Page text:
Does every employee injury that occurs on your company’s property entitle the injured person to workers’ comp? What about when employees are eating their lunch?
Lindamarie Serraino worked as a medical technologist for Defiance Clinic in Ohio.
To improve the work environment, the Clinic started a lunch program. It periodically invited local caterers to sell food to employees in the Clinic’s break room.
Participation in the lunch program was optional. Employees paid full price for the food — there was no discount to Clinic workers. The Clinic didn’t receive any portion of the caterers’ sales.
During her day-shift job, Serraino had a one-hour, unpaid lunch break.
In the first full week of August 2005, Serraino ate catered lunches on several days. On Saturday of that week, Serraino became ill and sought medical treatment. She was diagnosed with salmonella poisoning.
The County Health Department investigated and found five other confirmed cases of salmonella poisoning. Each person had eaten one or more catered lunches served at the Clinic during the previous week. However, the Health Department was unable to conclusively identify the source of the salmonella, even though its investigation centered around Classic Catering by Kim Brown.
Serraino applied for workers’ comp benefits for the salmonella poisoning.
Five hearings later …
A hearing officer denied Serraino’s claim.
On appeal, so did another hearing officer, the state Industrial Commission and the state Court of Common Pleas.
The fifth hearing: the Court of Appeals of Ohio.
The first test by the appeals court: Did Serraino’s injury “arise out of” her employment.
- Her injury occurred on Clinic property
- The Clinic benefited from her presence at the scene of her injury because she was receiving training that week, and eating lunch on site allowed her to return to training faster
- Her doctor said she contracted the salmonella poisoning by eating food prepared by Classic Catering, despite the Health Department’s inability to say so conclusively, and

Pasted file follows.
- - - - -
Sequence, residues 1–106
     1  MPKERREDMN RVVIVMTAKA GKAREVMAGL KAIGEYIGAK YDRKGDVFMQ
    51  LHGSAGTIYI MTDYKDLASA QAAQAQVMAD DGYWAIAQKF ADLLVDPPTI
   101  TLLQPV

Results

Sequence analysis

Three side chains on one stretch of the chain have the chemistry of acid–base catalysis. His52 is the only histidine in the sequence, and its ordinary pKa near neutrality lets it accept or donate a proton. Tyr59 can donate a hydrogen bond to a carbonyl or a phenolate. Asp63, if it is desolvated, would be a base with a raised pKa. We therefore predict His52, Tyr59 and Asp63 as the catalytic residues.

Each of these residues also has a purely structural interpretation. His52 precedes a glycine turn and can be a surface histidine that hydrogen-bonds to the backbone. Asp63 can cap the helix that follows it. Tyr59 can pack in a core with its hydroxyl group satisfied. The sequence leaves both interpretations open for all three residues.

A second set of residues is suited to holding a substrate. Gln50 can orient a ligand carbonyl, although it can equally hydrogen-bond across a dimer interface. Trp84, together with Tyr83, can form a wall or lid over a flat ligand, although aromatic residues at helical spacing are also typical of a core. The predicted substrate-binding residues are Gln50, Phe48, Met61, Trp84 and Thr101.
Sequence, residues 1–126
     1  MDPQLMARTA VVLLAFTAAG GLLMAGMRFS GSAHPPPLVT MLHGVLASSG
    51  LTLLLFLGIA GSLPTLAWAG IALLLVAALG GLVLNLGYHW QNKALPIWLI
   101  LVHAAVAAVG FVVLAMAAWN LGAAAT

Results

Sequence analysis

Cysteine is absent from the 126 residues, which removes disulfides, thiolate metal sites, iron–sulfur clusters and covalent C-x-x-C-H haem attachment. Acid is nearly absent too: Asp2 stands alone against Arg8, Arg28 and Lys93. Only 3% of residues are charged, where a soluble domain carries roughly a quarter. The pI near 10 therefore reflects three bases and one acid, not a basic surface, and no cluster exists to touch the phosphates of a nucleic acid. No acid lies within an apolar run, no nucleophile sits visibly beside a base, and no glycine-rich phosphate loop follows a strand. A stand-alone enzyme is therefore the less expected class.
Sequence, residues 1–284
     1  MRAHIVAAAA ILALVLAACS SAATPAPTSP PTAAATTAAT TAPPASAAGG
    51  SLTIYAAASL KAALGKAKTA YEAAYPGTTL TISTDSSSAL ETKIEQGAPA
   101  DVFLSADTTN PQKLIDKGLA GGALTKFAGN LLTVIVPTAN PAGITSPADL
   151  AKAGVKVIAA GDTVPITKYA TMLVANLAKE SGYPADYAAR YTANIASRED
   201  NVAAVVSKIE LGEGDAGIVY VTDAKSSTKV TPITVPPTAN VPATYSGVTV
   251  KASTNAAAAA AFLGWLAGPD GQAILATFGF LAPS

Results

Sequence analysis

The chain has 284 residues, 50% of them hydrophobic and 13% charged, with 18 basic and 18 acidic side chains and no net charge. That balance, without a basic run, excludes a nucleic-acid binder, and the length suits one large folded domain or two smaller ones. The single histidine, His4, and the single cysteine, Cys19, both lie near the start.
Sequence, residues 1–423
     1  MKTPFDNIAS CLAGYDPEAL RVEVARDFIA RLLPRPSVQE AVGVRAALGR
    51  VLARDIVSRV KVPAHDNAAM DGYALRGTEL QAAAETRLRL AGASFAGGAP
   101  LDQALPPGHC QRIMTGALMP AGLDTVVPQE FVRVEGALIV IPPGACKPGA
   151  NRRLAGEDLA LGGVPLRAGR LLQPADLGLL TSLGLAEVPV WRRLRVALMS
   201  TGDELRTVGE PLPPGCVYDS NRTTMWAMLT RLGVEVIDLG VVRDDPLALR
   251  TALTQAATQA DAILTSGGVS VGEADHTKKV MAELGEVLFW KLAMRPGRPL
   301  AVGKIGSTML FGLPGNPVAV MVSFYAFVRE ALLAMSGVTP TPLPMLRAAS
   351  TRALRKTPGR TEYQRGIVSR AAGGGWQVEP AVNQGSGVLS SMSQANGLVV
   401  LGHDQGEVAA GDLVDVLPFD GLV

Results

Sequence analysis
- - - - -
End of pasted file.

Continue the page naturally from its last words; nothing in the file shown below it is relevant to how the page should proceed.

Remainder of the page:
- The Clinic had control over the scene of the injury.
To counter Serraino, the Clinic said the caterers did serve the food on Clinic property. But the Clinic didn’t have control over the caterers’ activities, including food preparation.
The appeals court noted Serraino could have eaten the food purchased from the caterer anywhere. It also agreed with the Clinic that it didn’t have control over the food preparation activities that apparently gave the worker food poisoning.
For that reason, the court ruled that her poisoning didn’t arise out of her employment. The court awarded summary judgment to the Clinic. The case was dismissed.
Note: The court agreed Serraino staying on site to eat her lunch so she could return to training earlier was a benefit to the Clinic.
Although we don’t know for sure, it appears this case could have had a different outcome had the Clinic employed the food preparers. That way, the Clinic would have maintained control over them, and it would have lost that part of the argument.
What do you think of the court’s decision? Let us know in the comments below.
(Serraino v. Fauster-Cameron dba Defiance Clinic, Court of Appeals of Ohio, No. 4-12-11, 2/4/13)